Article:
Moon Shots

With a total eclipse of the sun on the horizon and a PRIOR club journey to witness it, next year the night sky will play a starring role. Here are the best camps, lodges and trips for stargazing in 2020.

The umbrella of celestial bodies high above our planet, a billion raindrops of hurtling space light restoring our primitive awe of life on earth, no longer captivates astronomers and Mars nerds alone. Lodges, camps and hotels have been born out of an Astro-tourism boom catering to the star-hungry, heading to designated and un-yet official dark sky reserves across the globe to look up and experience this sublime sense of transcendence. Some seek enhanced zodiac-gazing with the clarity of BlueRay, others to witness rare planetary phenomena and events first-hand.

Next year, the solar system has timetabled four partial eclipses of the moon and two of the sun, culminating in a full solar eclipse on December 14th 2020 with the narrow track of totality crossing Chile and Argentina. PRIOR will be hosting a club journey for members, following the eclipse as it passes over the Cordillera mountain range’s corridor of volcanos. This river ribboned region is famed for its fly-fishing and horseback riding, accessible from the private ranch and tented camp in Argentina where we will stay. (The journey begins further south in Chilean Patagonia at the Torres Del Paine national park, whose sublime granite massifs tower over its glacial Lake Grey and iceberg strewn shores).

Elsewhere in the volatile galaxy, there are year round stellar shows happening: from the fizzing tails of meteorite showers passing razor-close, to the supernatural electromagnetic glows of the Aurorae Borealis and Australis. And, for all the glorious space theatrics, sometimes there’s nothing like the simple child-like thrill of joining the dots to make one feel, miraculously, alive.

Here are the other places and lodgings PRIOR recommends for a life-confirming, spirit-cleansing astral fix.


There are few more wonder-summoning places to see in the new decade, than from the observation deck of Sheldon Chalet. Teetering on a glacial island 6,000 feet above the icy Don Sheldon Amphitheatre of Alaska’s Denali National Park, here, the neon-green spirits of the northern lights hiss overhead like supernatural fireworks. The remoteness of this off-grid, five-bedroom lodge, only reachable by helicopter from Talkeetna, is only matched by its intimacy with the sky. With some of the thinnest troposphere on the planet and zero light pollution, it feels possible to reach out and catch Taurus by its horns, Orion by the belt, and some of 120 meteorites that will shotgun the sky around January 3rd. Exactly one week later, this will be one of few places in North America to see the year’s first penumbral lunar eclipse, when the moon will be reduced to a leaping salmon. Aurora Borealis season peaks around the spring equinox (March 19th) and the new moon on March 24th. By day, glacial treks, snow cavern spelunking and Alaskan crab and oysters help cleanse body, mind and souls to feel at one with the nighttime sky.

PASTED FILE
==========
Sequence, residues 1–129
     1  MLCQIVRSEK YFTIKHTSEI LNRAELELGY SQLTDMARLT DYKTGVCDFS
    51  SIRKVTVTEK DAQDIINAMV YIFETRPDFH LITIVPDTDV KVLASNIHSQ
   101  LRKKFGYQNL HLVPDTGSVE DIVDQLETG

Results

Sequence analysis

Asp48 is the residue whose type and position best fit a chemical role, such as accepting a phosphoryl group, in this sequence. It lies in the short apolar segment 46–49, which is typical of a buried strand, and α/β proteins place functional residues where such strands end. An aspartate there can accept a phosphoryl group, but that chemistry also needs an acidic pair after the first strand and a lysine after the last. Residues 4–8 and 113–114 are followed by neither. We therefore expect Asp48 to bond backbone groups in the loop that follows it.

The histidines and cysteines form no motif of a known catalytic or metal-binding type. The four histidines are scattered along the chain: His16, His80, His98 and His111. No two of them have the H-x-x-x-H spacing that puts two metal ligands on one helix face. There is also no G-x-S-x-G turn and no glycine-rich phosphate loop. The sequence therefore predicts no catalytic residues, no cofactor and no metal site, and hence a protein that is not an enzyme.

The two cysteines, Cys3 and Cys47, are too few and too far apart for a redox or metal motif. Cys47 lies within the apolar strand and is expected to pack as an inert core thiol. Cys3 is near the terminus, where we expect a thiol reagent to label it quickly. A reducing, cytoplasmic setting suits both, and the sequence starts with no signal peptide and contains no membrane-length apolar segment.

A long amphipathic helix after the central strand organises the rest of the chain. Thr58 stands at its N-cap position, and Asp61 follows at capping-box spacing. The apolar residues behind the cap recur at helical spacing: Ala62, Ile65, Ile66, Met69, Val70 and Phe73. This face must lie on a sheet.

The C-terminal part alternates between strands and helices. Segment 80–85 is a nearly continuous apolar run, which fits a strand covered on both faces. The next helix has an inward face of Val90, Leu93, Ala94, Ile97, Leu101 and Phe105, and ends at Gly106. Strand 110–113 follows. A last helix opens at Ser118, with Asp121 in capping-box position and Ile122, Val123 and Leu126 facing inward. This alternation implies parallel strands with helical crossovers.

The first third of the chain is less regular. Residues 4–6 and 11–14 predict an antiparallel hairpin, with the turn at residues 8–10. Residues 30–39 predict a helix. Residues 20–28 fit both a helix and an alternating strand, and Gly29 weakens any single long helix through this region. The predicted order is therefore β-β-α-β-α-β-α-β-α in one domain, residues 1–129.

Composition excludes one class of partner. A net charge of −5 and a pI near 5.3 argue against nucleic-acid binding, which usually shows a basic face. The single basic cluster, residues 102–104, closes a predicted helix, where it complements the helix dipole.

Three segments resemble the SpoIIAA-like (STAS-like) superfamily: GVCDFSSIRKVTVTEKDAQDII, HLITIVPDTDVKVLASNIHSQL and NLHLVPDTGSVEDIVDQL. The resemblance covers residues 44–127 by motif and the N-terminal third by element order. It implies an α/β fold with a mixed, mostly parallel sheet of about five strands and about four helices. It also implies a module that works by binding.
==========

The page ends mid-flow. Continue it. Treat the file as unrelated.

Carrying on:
The great sandstone platform of Uluru (Ayer’s Rock), as old as some of the stars themselves, is the sacred stage for one of the night sky’s most moving celestial ballets enveloped in the tulle-like twirl of the Milky Way. Front row seats are at Longitude 131°, the 15-tented luxury desert camp in the Northern Territory’s Uluru-Kata Tjuta National park, respectfully decorated with Aboriginal art alongside artefacts that conjure the great explorer’s age. It’s easy to feel like a pioneer at the Under the Star’s dinner at Table 131°, listening to an astronomer recount the creation stories of the Amangu tribe, to whom this hallowed monolith has recently been restored. As the lines of constellations are thrillingly re-drawn as they were seen by the ancients, the Southern cross becomes an emu, a creation spirit; and Orion’s belt, a canoe carrying three fisherman brothers. On June 5th, the second penumbral eclipse of the moon (Ngalini, a portly man pursued by the siren of the sun), will appear like a giant, rusty boomerang in the sky as if caught in the orange light of Uluru.